I had the pleasure of attending SI's CRG this past weekend, and thought for those who might be considering a class with SI, I'd post a quick review. I also realize some here have beef with Gabe Suarez, and that's fine. I would ask tho, that we keep any discussion here centered around the training. Thank you.
If I can answer any questions, or address any issues, please inquire.
Began promptly at 9am with intros by our Instructors. Don Robison and Dr. John Meade made quick and efficient work of intros both to and by the students, who were also very punctual, a courtesy appreciated by all.
The class was brought to attention by Don, who, tho was thus far quite light-hearted, made it known he and John were more than serious about the safety of the class. Each student was told very directly, if he or she was not comfortable w a training action, or with the gunhandling of anyone on the range, to notify either of the intsructors immediately. I have not been to a class yet where students were given the 'greenlight' to so openly question the exercises or instruction. As an aside, it NEVER was an issue. Safety was paramount not only in relation to guns, but to the environment as well. The lecture covered the requisite rules of gunhandling, as well as the fact that we were training in temps near the hight 90's, with heat indexes in excess of 100 degrees. Both Don and John emphesized the need to stay hydrated, and tho both instructors assured us they would be observing us for signs of heat troubles, we were told it was just as important the we as the class looked out for each other, as well as our instructors. We were told to be mindful of our footing as the range was a cleared section of orange grove, so the terrain was made up of very loose, sandy soil, with assorted footing hazards associated w farmed ground.
On to the ego stroking. The class was moved to the firing line at about 7yds and told to put 5 perfect rounds on paper. That, boys and girls, would be about the last of any cloverleaf groups by anybody.
Draw technique was addressed next. Whether the student's style of carry was traditional 3 to 4 o'clock, or appendix, Don and John worked w the class to make certain each student was maximizing their drawstroke and minimizing excess travel and most importantly, time. It was demonstrated, and then practiced how a smooth, proper stroke establishes one to shoot from the retention position, allowing quick accurate hits at "chin scratching" distance. Some more work followed this theme as contact tactics were covered. oh, yeah, and Doc hit me!
Ready Positions were covered next. Contact, Compressed, and Sul. I won't delve into these techniques as I respect SI's position that proper instructors should relay the materials at a class. From here, we babystepped into some lateral movement. Hand to hand transitions were addressed, and the infamous AFTER ACTION ASSESMENT introduced. After a few walk throughs of the AAA, and it's importance discussed, Don implored the class to perform this with the utmost care and concentration, and not to let it become "Range Ballet". btw, Don, I'm gonna use that term quite a bit from now on.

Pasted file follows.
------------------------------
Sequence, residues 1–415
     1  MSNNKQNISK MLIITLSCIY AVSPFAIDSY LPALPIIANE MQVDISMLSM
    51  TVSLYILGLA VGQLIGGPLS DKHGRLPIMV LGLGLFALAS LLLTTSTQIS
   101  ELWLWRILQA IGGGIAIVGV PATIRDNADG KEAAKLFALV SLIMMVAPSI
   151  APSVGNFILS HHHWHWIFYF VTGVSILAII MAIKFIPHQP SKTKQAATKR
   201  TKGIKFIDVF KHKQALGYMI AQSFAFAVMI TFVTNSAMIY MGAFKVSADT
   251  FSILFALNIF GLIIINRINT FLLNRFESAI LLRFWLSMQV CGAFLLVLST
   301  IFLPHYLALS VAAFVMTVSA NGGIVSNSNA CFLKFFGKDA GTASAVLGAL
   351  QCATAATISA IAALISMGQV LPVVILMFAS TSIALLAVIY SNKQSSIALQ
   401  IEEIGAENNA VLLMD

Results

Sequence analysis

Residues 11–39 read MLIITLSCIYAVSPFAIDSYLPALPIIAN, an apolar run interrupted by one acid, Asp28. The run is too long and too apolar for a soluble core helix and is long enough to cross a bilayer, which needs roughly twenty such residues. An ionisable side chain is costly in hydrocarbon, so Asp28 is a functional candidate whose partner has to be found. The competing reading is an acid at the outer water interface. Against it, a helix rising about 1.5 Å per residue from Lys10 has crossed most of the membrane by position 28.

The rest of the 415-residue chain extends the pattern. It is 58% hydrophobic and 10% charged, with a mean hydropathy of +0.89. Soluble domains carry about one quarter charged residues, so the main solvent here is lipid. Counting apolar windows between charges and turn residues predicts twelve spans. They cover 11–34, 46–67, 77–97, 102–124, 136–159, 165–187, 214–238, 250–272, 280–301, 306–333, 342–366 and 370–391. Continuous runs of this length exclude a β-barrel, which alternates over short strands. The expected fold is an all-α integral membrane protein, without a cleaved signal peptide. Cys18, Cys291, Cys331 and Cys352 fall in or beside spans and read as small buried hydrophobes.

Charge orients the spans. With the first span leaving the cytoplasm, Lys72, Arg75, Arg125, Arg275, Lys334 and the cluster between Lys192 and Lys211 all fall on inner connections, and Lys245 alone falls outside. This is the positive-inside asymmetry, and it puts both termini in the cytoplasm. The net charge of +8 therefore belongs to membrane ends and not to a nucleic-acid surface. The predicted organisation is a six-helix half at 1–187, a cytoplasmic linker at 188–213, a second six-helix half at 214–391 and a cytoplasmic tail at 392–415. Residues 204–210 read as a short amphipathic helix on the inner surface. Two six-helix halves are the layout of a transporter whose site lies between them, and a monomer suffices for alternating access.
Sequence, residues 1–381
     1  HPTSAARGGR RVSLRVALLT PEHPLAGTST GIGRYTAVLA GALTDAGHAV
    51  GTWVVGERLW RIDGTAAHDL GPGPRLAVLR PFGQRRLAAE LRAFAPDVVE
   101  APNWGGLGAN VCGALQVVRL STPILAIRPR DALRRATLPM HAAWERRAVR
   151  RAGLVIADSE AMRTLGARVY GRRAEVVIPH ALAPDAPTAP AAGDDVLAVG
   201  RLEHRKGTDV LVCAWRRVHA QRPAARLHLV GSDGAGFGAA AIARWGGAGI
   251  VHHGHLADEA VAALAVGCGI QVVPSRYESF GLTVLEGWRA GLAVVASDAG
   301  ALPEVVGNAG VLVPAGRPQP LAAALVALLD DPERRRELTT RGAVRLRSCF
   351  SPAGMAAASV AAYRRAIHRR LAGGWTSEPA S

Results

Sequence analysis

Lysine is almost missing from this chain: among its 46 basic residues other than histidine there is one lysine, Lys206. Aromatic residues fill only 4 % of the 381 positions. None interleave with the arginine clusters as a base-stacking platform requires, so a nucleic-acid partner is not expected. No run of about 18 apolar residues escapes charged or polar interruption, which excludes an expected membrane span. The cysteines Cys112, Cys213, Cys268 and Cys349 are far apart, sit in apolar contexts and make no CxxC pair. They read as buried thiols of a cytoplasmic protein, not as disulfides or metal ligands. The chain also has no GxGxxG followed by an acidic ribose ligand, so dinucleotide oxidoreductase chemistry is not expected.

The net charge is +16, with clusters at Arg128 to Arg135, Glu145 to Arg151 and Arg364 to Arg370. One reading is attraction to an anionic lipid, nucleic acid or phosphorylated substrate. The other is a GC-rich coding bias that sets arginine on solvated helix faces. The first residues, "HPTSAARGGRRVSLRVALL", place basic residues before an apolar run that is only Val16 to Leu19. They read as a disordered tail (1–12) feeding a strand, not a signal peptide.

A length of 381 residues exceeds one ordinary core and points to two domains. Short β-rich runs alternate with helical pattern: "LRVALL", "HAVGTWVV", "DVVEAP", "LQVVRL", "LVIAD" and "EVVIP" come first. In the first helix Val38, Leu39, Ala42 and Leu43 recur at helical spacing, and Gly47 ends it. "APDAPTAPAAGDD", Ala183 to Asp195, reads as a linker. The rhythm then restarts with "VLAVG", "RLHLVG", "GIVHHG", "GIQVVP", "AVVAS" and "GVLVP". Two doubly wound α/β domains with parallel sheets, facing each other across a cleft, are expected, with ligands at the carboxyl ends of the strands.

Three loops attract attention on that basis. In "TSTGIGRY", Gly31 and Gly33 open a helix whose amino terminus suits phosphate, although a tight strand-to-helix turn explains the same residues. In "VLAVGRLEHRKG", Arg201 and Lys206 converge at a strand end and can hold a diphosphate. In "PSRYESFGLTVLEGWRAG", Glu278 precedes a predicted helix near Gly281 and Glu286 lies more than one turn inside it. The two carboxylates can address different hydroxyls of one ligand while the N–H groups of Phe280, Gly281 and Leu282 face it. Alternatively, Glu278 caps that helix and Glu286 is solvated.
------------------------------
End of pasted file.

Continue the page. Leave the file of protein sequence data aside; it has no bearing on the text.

All feet were on the dirt by 9am. Again, the courtesy the class demonstrated by being on time was really impressive. Safety was again the primary focus of the first thirty to forty minutes of the morning. Firearms safety was reinforced, as was environmental safety. This day, "the weather was perfect". Rain, and plenty of it. Wind, yeah no shortage there either. And substantially cooler. Enough so, that Doc reinforced the need to hydrate, and to keep watch on one's body temp. I think he noted the temp was around 20degress shy of the previous day. It was also brought to attention, the ground had become very 'spongy' with the addition of the rain, so careful, deliberate footing was emphesized.
With the safety covered, the class reviewed yesterday's techniques with a hurried discussion and an agreement we need to be training while its raining, we can talk inside of lightning were to be spotted. And so, the exercises began anew, with the added stress of improving speeds, all the while maintaining good hits.
During an indoor lecture, butting up to and extending a few minutes past lunch, ambidextrous shooting was taught. It's importance was later recognized and 'barricade' engagements were covered. This technique could be applied to doorways, corners, halls or anything one may need to shoot around while keeping exposure to a minumum. Cover, cover, cover. nuff said.
Gear Used-by me.
gen4 G19, Dale Fricke ArchAngel Holster, S&B 9mm 115gr fmj, Uli Gebhardt's awsome mag pouches, Wilderness Tac CSM belt.
Gear Noted in Class-dominated by polymer pistols, Glocks, S&W's, Springfield xd's. Tho, there was at least one metal framed Daewoo being fired admirably by a student. Holsters were kydex, leather, iwb, owb, traditional position, appendix.
Students ranged from 18 to 59 yo, with the average being about 47, based on the ages from the thirteen students I was able to query.
14 males, 1 female who not only held her own, but fought as hard as any man there. I'd be proud to have her fighting with me, and really worried to have her fighting against me.
Students varied in background from boat captains to doctors to machinists to farmers.
Conclusion-kicking myself in the ass for not taking this sooner. This is a "don't miss" class for anyone who wishes to move beyond paper punching, and desires to test themselves and to begin to lay the foundation for the type of training that very well may save one's life.
My sincerest thanks to Don and John, and to our hosts. Thank You!